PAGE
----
the odd one out

ThomasK

Senior Member
Belgium, Dutch
I can imagine lots of languages use expressions (metaphorical -) in order to refer to those persons and things not fitting into a group. What would be the expression in your language?

In Dutch : een vreemde eend in de bijt (a strange duck in the bite, which might be the fishing hook)
 
  • In Greek:

    «Όλοι μαζί κι ο ψωριάρης χώρια» ['oli ma'zi ci o psor'ʝaris 'xorʝa]
    lit. "all the guys together, and the mangy apart"

    «κι» [ci] is the spelling of the phonetically reduced conj. «και» [ce] --> and, when the next word begins with a vowel

    «Ψωριάρης» [psor'ʝaris] (masc.) --> mangy, is the colloquial name for the person infected by scabies, a contagious infestation of the skin caused by a mite. The disease is called «ψώρα» ['psora] (fem.) < Classical fem. noun «ψώρᾱ» psṓrā --> scabies, acariasis < with ω-vocalism from «ψῆν» psên --> to rub, scratch (with obscure etymology). In formal language, the person infected by «ψώρα» is a «ψωράριος» [pso'rarios] (masc.), «ψωράρια» [pso'raria] (fem.).
     

    biala

    Member
    hebrew
    Hebrew: גלגל חמישי galgal khamishi, which means being the fifth wheel (of a car).
    If it's a third person that joins a [romantic] couple - he "will hold for them the candle".

    However these are more for situations in which a person is not needed, not exactly because he doesn't fit.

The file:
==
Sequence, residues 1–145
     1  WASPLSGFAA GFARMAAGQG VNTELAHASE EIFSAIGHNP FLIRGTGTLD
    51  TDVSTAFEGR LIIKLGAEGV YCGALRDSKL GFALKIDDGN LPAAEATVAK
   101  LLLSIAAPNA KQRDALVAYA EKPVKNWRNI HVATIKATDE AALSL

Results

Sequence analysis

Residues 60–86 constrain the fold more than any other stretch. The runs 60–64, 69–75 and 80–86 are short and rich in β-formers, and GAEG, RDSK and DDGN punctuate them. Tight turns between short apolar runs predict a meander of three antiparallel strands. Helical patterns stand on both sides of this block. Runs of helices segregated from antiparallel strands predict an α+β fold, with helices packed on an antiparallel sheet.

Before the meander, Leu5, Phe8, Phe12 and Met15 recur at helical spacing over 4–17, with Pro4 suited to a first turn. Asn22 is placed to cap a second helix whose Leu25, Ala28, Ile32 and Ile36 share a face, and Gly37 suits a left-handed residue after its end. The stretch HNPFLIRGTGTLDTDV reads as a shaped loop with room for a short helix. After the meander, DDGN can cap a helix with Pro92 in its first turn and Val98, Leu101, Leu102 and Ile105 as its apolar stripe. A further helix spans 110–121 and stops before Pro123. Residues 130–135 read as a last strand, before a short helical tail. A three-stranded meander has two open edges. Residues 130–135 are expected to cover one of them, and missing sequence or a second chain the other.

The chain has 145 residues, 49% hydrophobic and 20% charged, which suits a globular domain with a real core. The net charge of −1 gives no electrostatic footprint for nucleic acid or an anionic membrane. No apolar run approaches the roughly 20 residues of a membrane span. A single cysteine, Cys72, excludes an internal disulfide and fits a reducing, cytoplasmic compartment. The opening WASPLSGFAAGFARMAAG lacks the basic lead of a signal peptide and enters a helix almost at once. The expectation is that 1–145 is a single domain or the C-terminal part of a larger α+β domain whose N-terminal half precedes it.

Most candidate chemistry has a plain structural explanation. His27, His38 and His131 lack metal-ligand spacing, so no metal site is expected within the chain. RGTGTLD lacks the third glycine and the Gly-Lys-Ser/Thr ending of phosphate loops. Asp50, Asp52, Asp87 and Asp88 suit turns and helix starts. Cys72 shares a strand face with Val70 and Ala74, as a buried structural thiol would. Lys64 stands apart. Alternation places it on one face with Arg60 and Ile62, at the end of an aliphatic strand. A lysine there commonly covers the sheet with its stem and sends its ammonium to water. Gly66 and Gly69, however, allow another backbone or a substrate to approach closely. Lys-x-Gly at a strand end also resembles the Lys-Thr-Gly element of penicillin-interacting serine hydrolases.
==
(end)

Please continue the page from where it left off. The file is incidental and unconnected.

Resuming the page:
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    arielipi

    Senior Member
    Hebrew
    Hebrew: גלגל חמישי galgal khamishi, which means being the fifth wheel (of a car).

    If it's a third person that joins a [romantic] couple - he "will hold for them the candle".
    You know, it doesnt really fit into what hes asking.
    הוא מתכוון לילדים דחויים וכיוצא בזה.
    אין לזה משפט ממש בעברית.
    what you said fits for couples stuck with someone.
     

    Encolpius

    Senior Member
    Hungarian
    I can imagine lots of languages use expressions (metaphorical -) in order to refer to those persons and things not fitting into a group. What would be the expression in your language?

    In Dutch : een vreemde eend in de bijt (a strange duck in the bite, which might be the fishing hook)
    Interesting thread, but I doubt it we will have a lot of examples

    Hungarian --- kakukktojás [kakukk cuckoo tojás egg] --- but it can be only a thing, not a person
    Czech --- I don't think there is any special phrase
     
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    ThomasK

    Senior Member
    Belgium, Dutch
    You know, it doesnt really fit into what he's asking.
    הוא מתכוון לילדים דחויים וכיוצא בזה.
    אין לזה משפט ממש בעברית.
    what you said fits for couples stuck with someone.
    Indeed, I am not referring to someone extra, but to someone special, a queer person in a group, someone who does not fit in...
     

    810senior

    Senior Member
    Japanese
    In Japanese, we have several words for it: